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Electrifying Results: Fundraising Insights to Move the Needle for Your Nonprofit

Bunching/Bundling on the Rise

Jar full of changeWhen the Tax Cuts and Jobs Act of 2017 was put into place, the standard deduction increased to about $12,000 for an individual and about $24,000 for a married couple. In a 2018 article, the Tax Policy Center estimated that the number of taxpayers that itemize their deductions would fall from 46.5 million into 2017 to 19.3 million in 2018. The Joint Committee on Taxation estimated that individuals would reduce charitable giving by $13 billion annually because their donations would no longer be tax deductible.

Since this time, “bunching” or “bundling” gifts for charitable giving has become an increasingly popular trend. Though not a new concept, this allows for people to still donate to their favorite charities while reaping tax incentives.

Instead of making yearly gifts in the same amount, people may bunch together their gifts and make a major gift every two to three years. The major gift would be itemized for that year, and the standard tax deductions would be taken for the other years until a donor decides to make another major gift.

Donors could either give that major gift to the charity directly, or they could create a donor advised fund (DAF), an alternative that is becoming increasingly popular because of its flexibility and immediate tax incentives. By setting up a DAF, the recipient organization holding it would be in control over that fund; however, the donor would have a say on how and when they would like to spread their gift.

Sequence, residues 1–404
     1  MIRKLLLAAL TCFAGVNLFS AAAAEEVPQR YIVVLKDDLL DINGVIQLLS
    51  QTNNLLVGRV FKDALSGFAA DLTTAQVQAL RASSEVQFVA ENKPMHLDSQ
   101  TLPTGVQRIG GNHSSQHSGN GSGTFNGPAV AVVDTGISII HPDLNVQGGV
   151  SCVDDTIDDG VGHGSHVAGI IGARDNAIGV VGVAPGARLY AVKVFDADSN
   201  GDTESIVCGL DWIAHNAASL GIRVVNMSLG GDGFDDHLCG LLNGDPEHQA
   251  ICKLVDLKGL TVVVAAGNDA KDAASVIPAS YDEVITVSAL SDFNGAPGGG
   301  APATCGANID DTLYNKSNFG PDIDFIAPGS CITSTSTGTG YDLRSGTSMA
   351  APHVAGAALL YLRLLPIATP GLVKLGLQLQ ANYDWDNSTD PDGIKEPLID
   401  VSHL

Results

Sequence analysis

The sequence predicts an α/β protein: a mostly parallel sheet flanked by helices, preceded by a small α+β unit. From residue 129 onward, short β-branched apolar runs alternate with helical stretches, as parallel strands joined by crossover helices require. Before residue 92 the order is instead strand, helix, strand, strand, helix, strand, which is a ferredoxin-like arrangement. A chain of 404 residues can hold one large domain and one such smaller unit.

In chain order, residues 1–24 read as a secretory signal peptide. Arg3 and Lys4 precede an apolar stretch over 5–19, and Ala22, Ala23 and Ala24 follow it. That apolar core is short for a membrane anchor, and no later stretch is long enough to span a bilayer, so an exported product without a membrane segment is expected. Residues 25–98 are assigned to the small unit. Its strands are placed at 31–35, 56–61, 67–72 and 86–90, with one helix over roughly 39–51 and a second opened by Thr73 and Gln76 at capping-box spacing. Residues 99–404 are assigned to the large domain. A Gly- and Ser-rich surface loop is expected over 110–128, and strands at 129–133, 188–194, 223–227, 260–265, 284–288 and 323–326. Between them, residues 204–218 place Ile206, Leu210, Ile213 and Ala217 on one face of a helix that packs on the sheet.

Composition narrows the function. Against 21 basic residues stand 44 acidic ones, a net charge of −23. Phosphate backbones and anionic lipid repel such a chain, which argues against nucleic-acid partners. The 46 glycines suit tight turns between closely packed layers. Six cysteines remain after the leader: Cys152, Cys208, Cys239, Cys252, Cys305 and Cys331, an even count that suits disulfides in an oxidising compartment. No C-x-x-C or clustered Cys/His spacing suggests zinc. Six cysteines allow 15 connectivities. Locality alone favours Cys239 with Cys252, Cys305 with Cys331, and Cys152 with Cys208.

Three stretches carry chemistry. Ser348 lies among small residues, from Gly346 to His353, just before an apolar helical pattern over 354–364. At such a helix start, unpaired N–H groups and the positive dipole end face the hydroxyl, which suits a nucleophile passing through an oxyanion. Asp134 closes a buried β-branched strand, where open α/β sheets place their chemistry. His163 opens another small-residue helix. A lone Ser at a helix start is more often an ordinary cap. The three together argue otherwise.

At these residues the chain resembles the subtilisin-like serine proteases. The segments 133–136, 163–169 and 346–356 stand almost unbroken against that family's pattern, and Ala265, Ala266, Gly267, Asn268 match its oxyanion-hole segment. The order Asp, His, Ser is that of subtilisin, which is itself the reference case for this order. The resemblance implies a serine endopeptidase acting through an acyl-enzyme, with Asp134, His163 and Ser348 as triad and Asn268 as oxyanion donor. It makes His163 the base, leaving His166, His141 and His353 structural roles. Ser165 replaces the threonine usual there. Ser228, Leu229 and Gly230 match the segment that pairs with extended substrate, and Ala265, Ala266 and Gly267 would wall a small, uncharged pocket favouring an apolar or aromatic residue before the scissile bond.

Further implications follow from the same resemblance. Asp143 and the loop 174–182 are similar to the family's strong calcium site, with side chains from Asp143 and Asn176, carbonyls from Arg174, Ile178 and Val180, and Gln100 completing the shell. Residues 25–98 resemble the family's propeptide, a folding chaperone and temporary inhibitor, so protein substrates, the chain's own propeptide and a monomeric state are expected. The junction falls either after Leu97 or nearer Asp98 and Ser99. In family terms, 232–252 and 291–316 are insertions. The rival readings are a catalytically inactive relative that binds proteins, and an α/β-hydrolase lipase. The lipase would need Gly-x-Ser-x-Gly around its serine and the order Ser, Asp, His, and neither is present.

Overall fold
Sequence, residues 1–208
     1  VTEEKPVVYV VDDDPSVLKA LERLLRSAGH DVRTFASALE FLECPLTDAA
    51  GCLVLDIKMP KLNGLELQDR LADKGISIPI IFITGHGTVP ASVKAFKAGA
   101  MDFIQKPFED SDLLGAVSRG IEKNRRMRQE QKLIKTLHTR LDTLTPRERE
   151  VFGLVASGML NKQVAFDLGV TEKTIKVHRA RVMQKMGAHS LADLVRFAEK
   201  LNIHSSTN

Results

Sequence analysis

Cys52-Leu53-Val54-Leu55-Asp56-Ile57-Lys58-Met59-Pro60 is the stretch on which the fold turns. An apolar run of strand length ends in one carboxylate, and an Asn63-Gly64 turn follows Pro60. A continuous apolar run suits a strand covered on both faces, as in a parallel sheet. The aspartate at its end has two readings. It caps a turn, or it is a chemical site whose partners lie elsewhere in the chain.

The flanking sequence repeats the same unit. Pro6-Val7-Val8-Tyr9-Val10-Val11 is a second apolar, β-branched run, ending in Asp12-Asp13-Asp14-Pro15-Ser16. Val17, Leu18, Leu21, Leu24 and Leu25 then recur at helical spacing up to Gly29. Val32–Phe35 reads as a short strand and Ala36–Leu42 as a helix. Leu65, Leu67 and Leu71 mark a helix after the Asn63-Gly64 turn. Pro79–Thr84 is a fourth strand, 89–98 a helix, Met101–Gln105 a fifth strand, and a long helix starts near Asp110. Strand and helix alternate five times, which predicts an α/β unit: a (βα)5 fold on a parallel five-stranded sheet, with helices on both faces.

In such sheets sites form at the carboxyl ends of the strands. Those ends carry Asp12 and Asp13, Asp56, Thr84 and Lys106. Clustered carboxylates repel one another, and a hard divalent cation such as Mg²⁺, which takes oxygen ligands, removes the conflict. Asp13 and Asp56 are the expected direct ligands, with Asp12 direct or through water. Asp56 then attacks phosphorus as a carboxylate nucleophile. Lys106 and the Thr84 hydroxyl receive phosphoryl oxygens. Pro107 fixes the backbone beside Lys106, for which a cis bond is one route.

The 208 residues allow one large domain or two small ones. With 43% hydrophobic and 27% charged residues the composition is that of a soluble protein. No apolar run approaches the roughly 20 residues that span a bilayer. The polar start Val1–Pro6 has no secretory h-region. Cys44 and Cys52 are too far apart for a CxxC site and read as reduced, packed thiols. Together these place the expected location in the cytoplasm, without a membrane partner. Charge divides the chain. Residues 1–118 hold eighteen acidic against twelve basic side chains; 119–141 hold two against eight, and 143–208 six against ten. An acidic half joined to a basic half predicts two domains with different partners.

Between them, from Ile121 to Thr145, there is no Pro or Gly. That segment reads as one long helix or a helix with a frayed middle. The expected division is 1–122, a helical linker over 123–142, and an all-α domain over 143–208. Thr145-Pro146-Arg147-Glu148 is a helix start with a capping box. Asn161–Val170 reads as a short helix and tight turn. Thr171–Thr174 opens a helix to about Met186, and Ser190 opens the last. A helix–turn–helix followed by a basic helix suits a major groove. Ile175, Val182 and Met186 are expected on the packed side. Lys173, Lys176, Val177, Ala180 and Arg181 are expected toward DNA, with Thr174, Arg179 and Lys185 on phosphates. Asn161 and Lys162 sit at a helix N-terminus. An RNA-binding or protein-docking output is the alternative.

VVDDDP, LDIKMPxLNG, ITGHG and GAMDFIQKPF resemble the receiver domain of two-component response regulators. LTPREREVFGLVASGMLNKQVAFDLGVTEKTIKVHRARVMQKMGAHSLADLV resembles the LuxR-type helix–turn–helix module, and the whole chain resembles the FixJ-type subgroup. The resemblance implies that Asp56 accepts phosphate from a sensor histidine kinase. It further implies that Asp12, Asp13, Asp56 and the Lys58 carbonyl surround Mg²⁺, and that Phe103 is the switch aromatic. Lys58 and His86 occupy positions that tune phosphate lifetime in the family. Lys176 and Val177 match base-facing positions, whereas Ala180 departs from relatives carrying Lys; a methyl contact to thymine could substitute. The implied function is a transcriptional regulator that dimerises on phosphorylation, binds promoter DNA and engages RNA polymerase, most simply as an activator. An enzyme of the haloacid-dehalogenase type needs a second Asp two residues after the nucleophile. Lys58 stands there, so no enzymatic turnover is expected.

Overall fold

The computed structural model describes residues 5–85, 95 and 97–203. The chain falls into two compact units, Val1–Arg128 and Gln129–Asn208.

The National Philanthropic Trust reports that the number of DAF accounts has increased by more than 100% the past five years and “outnumber private foundations by more than 5:1” – making it the “fastest-growing charitable giving vehicle.” The Trust also notes that in 2017, contributions to the 463,622 funds totaled more than $29 billion, and now estimates that DAFs hold about $110 billion in assets.

To illustrate how the concept of bunching gifts and how a DAF works, the American Endowment Foundation gives this example:

Before the change in standard deduction, a married couple used to donate $14,000 in each year. With the tax change, in order to still donate that amount and receive tax benefits, they created a DAF, contributing two years’ worth of donations at one time. The $28,000 in donations along with state and local taxes and mortgage interest at an estimated $10,000 would bring them to $38,000. They’d surpass the $24,000 standard deduction by $14,000, which would be an additional deduction. From their DAF, they would donate to their favorite charities.

The next year, they would not make any direct donations and would take the standard deduction. However, they would distribute funds from their DAF so that charities would benefit from their philanthropy. The next year, they may decide to make another “bundled” gift to the DAF as they did in the first year.

DAFs have their set of challenges and there are various thoughts on the distribution requirements. The trends show that donors continue to open them and see them as a benefit for themselves and charities, so continuing the conversation on them will be important.

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